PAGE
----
Wednesday, March 7, 2012

S. W. Erdnase & The Chicago Renaissance

•                                •                                •

The very early years of the 20th Century made
up one of Chicago's Golden Eras of Literature.
H. L. Mencken referred to Chicago as "... the
literary capital of America." Theodore Dreiser
published Sister Carrie in 1900 to kickoff the new
century and the new era.  Upton Sinclair's explosive
novel, The Jungle,  came out in 1906, and the Chicago
connection must  not be forgotten when it comes to
Frank Baum whose Wizard of Oz was also published
in 1900.  It  was first sold at a book fair at Chicago's
famous Palmer House Hotel.   Some writers still on the
near horizon to come were Sherwood Anderson,
Ring Lardner and Ben Hecht.

One name you would not find in such lists - and which
most certainly deserves a place in the Chicago canon of
great writers - is S. W. Erdnase.  He is largely forgotten
outside of the magic world, because he wrote in a
disreputable genre, the how to cheat at cards genre - yes,
that one.

This may seem a little off-putting, and the technical
sections are not for everyone; but the introductory
material in which he talks about the methods and psychology
of gambling, in particular about advantage play, his term for
cheating, is fascinating for almost anyone, not just card players.

And he writes like a fallen angel:

We betray no confidences in publishing this book, having only ourselves to thank for what we know. Our tuition was received in the cold school of experience. We started in with the trusting nature of a fledgling, and a calm assurance born of overweening faith in our own potency. We bucked the tiger voluntarily, and censure no one for the inevitable result. A self-satisfied unlicked cub with a fairly fat bank roll was too good a thing to be passed up. We naturally began to imbibe wisdom in copious draughts at the customary sucker rates, but the jars to our pocketbook caused far less anguish than the heartrending jolts to our insufferable conceit. After the awakening our education progressed through close application and constant study of the game, and the sum of our present knowledge is proffered in this volume, for any purpose it may answer, to friend and foe, to the wise and the foolish, to the good and the bad, to all alike, with but one reservation, that he has the price.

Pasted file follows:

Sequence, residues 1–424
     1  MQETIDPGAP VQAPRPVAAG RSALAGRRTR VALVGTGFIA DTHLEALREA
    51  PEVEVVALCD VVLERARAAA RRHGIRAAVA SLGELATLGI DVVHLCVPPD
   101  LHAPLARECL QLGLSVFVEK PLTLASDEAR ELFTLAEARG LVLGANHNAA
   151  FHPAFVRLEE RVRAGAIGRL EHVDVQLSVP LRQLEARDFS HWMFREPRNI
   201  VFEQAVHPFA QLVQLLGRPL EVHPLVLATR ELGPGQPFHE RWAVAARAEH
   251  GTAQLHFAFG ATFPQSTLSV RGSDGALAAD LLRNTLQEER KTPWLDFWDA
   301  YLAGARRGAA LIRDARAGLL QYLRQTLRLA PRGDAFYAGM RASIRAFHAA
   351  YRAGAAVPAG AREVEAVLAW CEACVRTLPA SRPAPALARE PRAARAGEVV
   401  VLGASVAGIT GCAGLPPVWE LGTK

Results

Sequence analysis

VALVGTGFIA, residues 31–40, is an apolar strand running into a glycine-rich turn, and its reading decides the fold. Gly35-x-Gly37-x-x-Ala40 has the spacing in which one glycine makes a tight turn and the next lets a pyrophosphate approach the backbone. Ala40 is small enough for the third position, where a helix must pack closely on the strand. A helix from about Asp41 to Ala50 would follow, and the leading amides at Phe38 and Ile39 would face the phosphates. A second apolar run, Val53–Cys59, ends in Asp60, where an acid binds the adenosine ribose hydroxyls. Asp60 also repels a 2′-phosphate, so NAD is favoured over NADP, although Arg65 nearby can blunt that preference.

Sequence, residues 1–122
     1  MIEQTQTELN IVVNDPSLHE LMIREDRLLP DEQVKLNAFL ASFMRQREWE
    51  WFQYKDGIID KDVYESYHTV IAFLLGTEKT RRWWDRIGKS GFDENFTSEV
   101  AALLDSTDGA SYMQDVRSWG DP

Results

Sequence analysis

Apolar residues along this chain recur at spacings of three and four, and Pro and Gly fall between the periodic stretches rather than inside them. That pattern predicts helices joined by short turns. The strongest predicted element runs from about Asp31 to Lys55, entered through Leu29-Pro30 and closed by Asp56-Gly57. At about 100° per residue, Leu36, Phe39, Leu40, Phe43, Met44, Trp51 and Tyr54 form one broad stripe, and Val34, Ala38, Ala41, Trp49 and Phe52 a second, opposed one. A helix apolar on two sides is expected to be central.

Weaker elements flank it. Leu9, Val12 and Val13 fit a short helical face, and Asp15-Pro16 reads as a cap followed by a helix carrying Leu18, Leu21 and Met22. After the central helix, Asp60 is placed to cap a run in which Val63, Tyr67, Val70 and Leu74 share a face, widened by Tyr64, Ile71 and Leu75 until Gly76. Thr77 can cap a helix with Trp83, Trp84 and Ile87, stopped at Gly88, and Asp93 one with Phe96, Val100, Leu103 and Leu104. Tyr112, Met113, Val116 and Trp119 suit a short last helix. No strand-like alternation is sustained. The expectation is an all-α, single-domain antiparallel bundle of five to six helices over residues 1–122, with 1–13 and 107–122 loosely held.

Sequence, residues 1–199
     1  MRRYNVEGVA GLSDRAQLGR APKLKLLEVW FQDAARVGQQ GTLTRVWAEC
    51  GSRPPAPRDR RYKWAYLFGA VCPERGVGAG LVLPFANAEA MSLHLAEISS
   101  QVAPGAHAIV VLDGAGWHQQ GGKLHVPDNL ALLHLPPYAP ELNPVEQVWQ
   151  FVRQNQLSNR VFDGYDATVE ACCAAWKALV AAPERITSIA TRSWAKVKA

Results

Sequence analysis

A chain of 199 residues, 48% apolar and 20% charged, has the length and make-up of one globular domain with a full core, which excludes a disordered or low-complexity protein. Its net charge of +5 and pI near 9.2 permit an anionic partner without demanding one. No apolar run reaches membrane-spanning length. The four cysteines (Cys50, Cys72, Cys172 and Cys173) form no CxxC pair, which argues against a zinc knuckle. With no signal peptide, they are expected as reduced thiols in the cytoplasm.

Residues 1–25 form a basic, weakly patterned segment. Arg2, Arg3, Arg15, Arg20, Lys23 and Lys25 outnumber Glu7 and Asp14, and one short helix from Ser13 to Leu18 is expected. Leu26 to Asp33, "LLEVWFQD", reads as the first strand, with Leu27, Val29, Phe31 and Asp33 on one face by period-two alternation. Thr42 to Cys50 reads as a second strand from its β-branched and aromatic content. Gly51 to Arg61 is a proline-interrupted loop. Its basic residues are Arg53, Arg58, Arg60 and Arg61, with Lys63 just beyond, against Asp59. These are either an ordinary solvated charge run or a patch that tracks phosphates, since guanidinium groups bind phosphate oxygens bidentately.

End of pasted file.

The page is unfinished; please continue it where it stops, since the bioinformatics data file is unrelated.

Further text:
Sounding like an excerpt from P. T. Barnum's memoirs as ghosted
by Walt Whitman, the writing is muscular and exuberant.  Although
he writes of the "overweeening faith" in his own powers as a thing
of the past, the writing still brims with confidence.  He comes across
as an only slightly chastened literary Hotspur, to whose words from
Henry IV Pt I, he seems to refer: "They wound my thoughts worse
than thy sword my flesh."  Hotspur mourns the loss of his "proud
titles," but Erdnase's pride is intact, no matter the "jolts to [his]
insufferable conceit".

•                                                  •                                                  •

No comments: